The end of January means winter is officially just one-third done. Shy of the halfway mark, even for those who love the season, gray days can get old for both grown-ups and kids, and it seems that some parts of the country experience more than their share. Boost kids’ enthusiasm--and your own--by changing things up and getting creative.
Sarah Tomlinson, writing for Parenthood.com, shares great ideas for blah-busters in “Activities to Beat the Winter Blues.” For example, she suggests letting kids redecorate something, for example, “a wall or their bedroom door.” She adds, “For less commitment, decorate a large poster and use it to change an area's appearance. Or paint a floor cloth, lampshade or placemats.” Among her other fun ideas (and a couple from Lorraine Lee Hammond, a music teacher) are face paints made from corn starch, water, cold cream, and food coloring; shakers made from empty plastic bottles and filled with rice, dried beans, or corn (pointing out that lentils and kidney beans sound different!); and making up songs to record, with parents contributing topics ranging from “airplanes to ice cream.”
The No Biggie blog posted “25+ Indoor Winter Activities for Kids,” gathered from many sources. Snow temporarily melting? Help kids build String Cheese Snowmen! Or add a pretty little garnish to cups of hot chocolate with Cool-Whip snowflakes. You’ve never seen a cuter use of cardboard tubes than polar bears (from Crafts by Amanda), and gooey, colorful Snow Day Sparkle Slime (from Teach Mama) will be a surefire hit.
In a veritable winter garden of great ideas, the Artful Parent posted “89 Indoor Activities to Keep Your Kids from Bouncing Off the Walls,” again, linked to various sources. While some involve multiple ingredients or materials, are more appropriate for older kids and/or definitely require parental supervision, some are pretty straightforward. They include “6 Kids’ Playhouses, Forts and Tents for Creative Play Indoors,” “Colored Ice Sculptures,” and “Melting Ice Science Experiment with Salt and Liquid Watercolors.”
Of course, not everything is all rainbows and ice crystals in wintertime. While almost everyone has the occasional down day during wintertime, according to New York University School of Medicine, NYU Medical Center Child Study Center, “approximately 6 percent of the population suffers from Seasonal Affective Disorder (SAD),” a form of depression that “follows a predictable course,” worsening in fall and improving with the longer daytime hours of spring. It’s more common in adults, but kids and teens can experience it, too. The NYU article, “Seasonal Affective Disorder: Help Kids Beat the Winter Blues,” offers a list of symptoms as well as ideas for shaking its effects.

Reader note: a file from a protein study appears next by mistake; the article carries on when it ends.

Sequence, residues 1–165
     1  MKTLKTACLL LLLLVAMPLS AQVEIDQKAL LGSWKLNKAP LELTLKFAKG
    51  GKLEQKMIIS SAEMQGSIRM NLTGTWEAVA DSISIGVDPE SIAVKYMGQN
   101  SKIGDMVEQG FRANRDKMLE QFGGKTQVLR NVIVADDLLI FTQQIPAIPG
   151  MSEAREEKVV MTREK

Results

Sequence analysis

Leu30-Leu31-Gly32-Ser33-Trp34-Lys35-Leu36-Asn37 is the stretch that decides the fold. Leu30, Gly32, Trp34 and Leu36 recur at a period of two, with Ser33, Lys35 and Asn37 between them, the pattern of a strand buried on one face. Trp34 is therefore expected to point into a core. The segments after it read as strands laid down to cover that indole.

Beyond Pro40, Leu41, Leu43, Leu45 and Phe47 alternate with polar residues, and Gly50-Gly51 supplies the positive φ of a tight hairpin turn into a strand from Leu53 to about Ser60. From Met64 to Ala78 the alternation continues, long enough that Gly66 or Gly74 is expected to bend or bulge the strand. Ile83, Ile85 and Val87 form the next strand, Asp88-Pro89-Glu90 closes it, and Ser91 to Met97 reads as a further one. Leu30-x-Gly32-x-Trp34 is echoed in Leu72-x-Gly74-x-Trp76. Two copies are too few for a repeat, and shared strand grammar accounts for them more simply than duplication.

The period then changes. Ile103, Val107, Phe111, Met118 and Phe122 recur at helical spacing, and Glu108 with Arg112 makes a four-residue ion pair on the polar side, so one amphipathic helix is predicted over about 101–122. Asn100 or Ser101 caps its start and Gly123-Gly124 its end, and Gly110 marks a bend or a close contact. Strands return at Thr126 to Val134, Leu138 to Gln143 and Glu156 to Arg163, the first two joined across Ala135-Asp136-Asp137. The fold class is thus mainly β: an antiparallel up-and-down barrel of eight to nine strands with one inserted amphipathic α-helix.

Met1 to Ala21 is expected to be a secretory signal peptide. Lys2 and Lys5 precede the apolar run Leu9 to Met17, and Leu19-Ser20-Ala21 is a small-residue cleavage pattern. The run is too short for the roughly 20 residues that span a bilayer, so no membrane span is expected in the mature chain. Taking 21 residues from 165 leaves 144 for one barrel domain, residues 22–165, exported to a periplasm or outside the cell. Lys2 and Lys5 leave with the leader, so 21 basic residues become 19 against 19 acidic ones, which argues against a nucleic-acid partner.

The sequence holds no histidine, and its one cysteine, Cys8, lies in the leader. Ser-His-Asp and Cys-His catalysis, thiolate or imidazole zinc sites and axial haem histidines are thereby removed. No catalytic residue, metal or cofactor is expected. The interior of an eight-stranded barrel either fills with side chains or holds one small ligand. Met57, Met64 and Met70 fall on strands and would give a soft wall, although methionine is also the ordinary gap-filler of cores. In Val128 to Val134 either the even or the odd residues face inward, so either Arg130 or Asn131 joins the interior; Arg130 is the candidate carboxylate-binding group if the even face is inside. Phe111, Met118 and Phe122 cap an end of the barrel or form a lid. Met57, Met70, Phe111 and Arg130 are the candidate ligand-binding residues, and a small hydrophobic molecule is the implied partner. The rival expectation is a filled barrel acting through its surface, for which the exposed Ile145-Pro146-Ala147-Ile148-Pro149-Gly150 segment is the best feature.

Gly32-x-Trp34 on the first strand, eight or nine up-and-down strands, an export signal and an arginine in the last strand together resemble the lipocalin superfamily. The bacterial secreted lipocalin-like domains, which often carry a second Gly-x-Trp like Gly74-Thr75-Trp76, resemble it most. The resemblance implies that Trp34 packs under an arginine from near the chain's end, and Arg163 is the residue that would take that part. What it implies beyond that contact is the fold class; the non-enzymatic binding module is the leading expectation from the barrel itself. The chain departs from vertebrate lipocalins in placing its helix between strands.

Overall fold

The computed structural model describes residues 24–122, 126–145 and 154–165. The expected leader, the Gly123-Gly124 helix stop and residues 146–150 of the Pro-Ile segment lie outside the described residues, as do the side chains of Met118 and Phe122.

On the one hand, the NYU team urges parents and kids to “Get out of the house whenever possible. Bundle up and take a brisk walk to get some fresh air and a little sunlight,” but given that’s not always possible, they also suggest that “Being productive and accomplishing goals can also elevate our mood. Take advantage of having to stay indoors by tackling chores or projects you don’t usually have time for.”
Another advantage of staying inside is the higher probability of family members being in one place, at one time, so why not pull out some classic card or board games and fire up a bit of friendly competition to warm the winter afternoons and evenings? Take a look at this 11-pack Flash Card & Game Card Collection Grades P-K that includes Old Maid that helps teach numbers and a Go Fish that teaches the alphabet. Another 11-pack Flash Card & Game Collection Ages 6-Up includes Math War Addition & Subtraction and Math War Multiplication. For a number of gaming and learning options in one take-anywhere package the whole family can enjoy, explore one of six great boxed learning sets: Spelling Words, Telling Time, Counting Money, and Making Fractions.
Make it, shake it, or play it—show kids that a little creativity and togetherness can turn the grayest of winter days into smile-worthy moments.